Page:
THC spikes in hemp plants can have detrimental consequences. That’s because hemp plants can only contain minute amounts of THC to maintain their legal classification. Crops that exceed the maximum THC limit are considered “hot crops” and must be destroyed.
This real risk of complete crop destruction is scary for the farmers who cultivate these crops. If their plants experience an unexpected THC spike, all of their invested time, effort, and money would be lost. Hence, controlling for THC spikes is crucial in the hemp farming industry.
The USDA also recently released a set of proposed rules designed to regulate hemp production at the federal level. These proposed hemp cultivation rules are with general positivity; some believe that these new hemp standards will help protect farmers and give the hemp industry a solid foundation. On the other hand, many in the hemp industry are worried about the feasibility of these proposed rules on CBD hemp cultivation.
A draft of these hemp rules was officially published on October 31, 2019, and will be open for public comment until December 30, 2019. Once these rules are in effect, they will remain in practice for two years before becoming official.
Per these new USDA rules, “hot crops” don’t qualify for crop insurance. The need to keep the THC levels in their crops low and within acceptable levels is paramount.
What Causes THC Spikes?
The main things that can cause THC spikes in cannabis are the stressors to which the plant is subjected. This opens up an interesting subject on why environmental stresses cause increased levels of THC.
Research has shown that THC appears to be the cannabis plant’s way of dealing with its environmental stressors. When it begins to experience external stress of some kind, cannabis increases its production of THC in what seems to be an attempt to protect itself.
This is actually how farmers that are trying to increase the level of THC in their cannabis plants go about doing that–they will expose their plants to increased UV light, deplete or overdose the plant’s nutrients, expose it to colder temperatures, and so on. These different environmental stressors cause cannabis to react in a seemingly self-protective kind of way, which results in THC spikes.
How To Avoid THC Spikes
While several different stressors could negatively impact the THC levels of hemp, there are ways that farmers can work to control them.
For instance, greenhouse operations allow farmers to control the level of ultraviolet light the plants come in contact with, as well as the temperature in which the plants grow. It is also easier to track nutrient regimens in greenhouse grows. Growing hemp in a greenhouse environment is a very safe way to ensure that hemp plants are on the right track while the USDA irons out the details of their hemp farming rules.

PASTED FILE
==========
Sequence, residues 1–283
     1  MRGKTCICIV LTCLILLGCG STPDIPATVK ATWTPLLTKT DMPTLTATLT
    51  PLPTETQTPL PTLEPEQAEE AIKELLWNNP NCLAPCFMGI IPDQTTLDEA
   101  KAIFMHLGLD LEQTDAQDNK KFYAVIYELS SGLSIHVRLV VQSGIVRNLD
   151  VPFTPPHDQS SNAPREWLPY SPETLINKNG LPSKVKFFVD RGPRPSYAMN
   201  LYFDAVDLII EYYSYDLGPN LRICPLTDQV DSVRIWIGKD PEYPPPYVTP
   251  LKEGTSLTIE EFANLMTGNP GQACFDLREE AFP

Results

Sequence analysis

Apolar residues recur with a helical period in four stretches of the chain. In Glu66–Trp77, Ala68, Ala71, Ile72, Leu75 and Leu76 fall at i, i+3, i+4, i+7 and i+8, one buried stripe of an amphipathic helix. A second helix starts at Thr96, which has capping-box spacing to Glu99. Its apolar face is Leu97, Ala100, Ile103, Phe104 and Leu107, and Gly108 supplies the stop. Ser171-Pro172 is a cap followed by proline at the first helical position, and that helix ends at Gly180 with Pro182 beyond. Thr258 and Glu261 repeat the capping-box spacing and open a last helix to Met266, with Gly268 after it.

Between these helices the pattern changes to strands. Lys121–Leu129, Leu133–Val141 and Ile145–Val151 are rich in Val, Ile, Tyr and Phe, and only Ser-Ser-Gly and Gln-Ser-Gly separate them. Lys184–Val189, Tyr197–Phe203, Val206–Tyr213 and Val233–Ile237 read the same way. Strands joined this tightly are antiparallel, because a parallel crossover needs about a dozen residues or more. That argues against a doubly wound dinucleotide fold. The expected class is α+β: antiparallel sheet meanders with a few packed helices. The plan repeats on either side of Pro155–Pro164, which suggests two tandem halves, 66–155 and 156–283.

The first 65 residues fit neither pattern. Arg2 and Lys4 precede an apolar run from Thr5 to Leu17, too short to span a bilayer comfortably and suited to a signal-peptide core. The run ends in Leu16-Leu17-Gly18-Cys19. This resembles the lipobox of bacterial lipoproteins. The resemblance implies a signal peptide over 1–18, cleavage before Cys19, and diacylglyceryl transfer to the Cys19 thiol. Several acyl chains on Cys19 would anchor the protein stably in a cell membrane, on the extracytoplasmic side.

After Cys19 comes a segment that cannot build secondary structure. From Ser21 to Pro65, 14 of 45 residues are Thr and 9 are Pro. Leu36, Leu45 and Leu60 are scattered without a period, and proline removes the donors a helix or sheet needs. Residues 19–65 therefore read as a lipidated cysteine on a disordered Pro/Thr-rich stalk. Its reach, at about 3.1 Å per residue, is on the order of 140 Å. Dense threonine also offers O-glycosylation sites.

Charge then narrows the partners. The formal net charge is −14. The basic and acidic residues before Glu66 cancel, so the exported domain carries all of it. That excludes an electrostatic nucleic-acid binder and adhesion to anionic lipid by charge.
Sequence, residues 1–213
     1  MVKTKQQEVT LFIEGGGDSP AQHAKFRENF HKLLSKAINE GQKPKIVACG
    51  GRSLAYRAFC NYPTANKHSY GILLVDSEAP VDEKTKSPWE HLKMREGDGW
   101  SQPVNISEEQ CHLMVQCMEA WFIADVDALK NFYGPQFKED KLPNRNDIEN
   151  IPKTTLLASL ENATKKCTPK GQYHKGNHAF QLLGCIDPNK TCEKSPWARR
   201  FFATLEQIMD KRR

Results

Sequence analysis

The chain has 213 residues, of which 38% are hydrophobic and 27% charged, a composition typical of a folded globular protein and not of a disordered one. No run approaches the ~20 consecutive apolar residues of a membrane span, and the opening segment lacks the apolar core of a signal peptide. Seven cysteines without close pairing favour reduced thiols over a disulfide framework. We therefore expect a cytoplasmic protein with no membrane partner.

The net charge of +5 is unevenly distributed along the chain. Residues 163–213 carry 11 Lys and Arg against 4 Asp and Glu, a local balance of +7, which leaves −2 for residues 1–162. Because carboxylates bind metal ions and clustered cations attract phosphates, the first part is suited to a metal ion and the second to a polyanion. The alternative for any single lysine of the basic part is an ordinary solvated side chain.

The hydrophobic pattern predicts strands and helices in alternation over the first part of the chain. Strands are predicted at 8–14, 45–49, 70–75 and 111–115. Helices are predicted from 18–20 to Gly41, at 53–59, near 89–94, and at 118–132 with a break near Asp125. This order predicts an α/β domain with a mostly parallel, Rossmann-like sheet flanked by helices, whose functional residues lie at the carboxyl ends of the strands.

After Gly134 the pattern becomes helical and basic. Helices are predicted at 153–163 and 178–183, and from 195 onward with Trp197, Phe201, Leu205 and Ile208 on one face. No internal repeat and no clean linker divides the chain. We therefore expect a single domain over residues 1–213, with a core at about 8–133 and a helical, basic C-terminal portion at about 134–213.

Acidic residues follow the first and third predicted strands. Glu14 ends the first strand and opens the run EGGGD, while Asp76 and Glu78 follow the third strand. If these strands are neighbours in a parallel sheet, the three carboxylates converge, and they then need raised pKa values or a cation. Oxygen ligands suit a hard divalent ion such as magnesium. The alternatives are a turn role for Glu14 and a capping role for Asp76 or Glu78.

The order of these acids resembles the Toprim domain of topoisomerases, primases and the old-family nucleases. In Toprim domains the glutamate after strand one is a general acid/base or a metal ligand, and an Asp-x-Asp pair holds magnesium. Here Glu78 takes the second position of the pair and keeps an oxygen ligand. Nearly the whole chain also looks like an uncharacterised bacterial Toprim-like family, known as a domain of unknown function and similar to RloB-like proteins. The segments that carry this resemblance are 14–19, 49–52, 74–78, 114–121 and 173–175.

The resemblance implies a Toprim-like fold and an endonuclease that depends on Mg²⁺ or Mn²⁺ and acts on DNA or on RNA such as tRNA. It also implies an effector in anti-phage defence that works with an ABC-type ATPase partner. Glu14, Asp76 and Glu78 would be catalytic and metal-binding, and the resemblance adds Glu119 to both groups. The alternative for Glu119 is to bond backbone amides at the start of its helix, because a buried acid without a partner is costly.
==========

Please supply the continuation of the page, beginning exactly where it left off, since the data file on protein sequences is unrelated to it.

Unfortunately, some places don’t allow indoor growing environments for hemp. However, that doesn’t mean that it’s impossible to grow low-THC hemp outdoors. For example, low elevation areas can help protect crops from harsh UV rays. Likewise, mild climates also help ensure more abundant outdoor growth.
Whether you are growing your hemp crop outdoors or in a greenhouse environment, ensuring you have quality hemp seeds from the get-go will give your end crop a better chance of success as well.
Reducing the chance THC spikes in hemp crops is incredibly crucial for farmers. Experiencing THC spikes could result in a “hot crop” status, and it’s ultimate destruction. This, of course, will cost farmers a great deal of time and money given the strict nature of the USDA’s proposed hemp cultivation laws.
Do you have tips to control THC spikes in hemp crops? Share your ideas with our readers in the comments below.
2 thoughts on “Controlling THC Spikes in Hemp Crops”
Can you judge the cbd/thc level by the look of the trycomes?
In most strains, trichomes can be a good indicator for harvesting. New federal rules are mandating a .3% cap on total THC. The THCA will convert to TCH Delta 9 at a theoretical rate of .877%. THCA decarbs to THC Delta 9. THCA OXIDIZES to CBDN. The THCA could be oxidized rather than decarbed after harvest but the rules do not allow that. Therefore you can have your plants do it for you! For simplicity, oxidation is “rust”. As the milky white trichomes mature, the THCA begins to oxidize (rust) into CBDN. Once you are about 10% amber or reddish you should start testing. For most low THC strains, 30-40% should get you under .3%. The longer you wait, the higher CBDN content. Unless you want couch lock, harvest as soon as you drop below .3%.
If you do not have the ability to test are growing for personal use and want to experiment, try harvesting in increments. You can get multiple results from the same plant.